A.E. has some fun (fun?) with the ideas of home and hometown. In the case of the young athlete, he describes death as pretty much like moving into a new house in a new town, only you don't have to carry any heavy stuff and your new town is, well, a graveyard. Let's not even talk about the new neighbors.
Line 1: In the poem's very first line, Housman tells us that the young athlete "won [his] town the race." It's no mistake that the notion of hometown makes an appearance right at the beginning of the poem, because Housman expands on the idea of home as the poem continues.
Line 4: At the end of the first stanza, the speaker recalls the athlete being carried home on the shoulders of the crowd. It's a very heroic, dramatic image: the athlete being delivered to his own doorstep on the shoulders of his adoring fans.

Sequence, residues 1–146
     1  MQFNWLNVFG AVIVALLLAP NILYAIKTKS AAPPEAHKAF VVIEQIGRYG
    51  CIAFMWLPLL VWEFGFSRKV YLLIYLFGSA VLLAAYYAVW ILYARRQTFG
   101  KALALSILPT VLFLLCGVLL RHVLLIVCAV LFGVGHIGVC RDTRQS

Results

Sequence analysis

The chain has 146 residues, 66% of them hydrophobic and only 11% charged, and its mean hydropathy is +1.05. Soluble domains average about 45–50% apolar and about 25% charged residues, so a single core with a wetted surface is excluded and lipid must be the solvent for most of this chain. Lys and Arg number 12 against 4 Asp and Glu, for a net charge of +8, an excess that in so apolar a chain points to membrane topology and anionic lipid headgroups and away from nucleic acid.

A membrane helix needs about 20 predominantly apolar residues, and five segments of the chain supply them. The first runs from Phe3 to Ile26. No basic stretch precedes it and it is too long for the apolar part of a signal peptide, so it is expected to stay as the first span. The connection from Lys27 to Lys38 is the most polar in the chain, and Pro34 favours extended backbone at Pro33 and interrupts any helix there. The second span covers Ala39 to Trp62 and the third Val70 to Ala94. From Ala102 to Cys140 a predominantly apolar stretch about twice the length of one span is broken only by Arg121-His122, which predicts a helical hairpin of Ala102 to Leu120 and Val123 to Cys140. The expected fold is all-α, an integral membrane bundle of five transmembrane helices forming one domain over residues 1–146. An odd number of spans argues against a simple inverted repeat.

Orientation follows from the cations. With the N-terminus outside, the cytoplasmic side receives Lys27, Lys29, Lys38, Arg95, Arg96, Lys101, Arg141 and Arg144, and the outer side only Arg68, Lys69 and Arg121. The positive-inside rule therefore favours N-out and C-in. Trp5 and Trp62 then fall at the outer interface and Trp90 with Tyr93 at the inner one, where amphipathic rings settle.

Lines 5-8: Stanza 2 mirrors the ideas of hometown and home from the first stanza with one big difference. We're talking about a funeral, a gravesite, and death in general. The first stanza is way more fun. The crowd brings the athlete home in stanza two, just like in stanza one. Both descriptions use the phrase "shoulder-high." The difference is that in stanza one the victorious athlete rides the shoulders of the celebrating crowd, and in stanza two the dead athlete's coffin is carried on the shoulders of his mourning fans and friends. Bummer. In stanza one, the athlete, "won [his] town the race." In stanza two, the mourners deliver the athlete to his new "home" in a "stiller town." On the upside, the athlete's new town sounds like a very peaceful place. On the downside, it's a graveyard.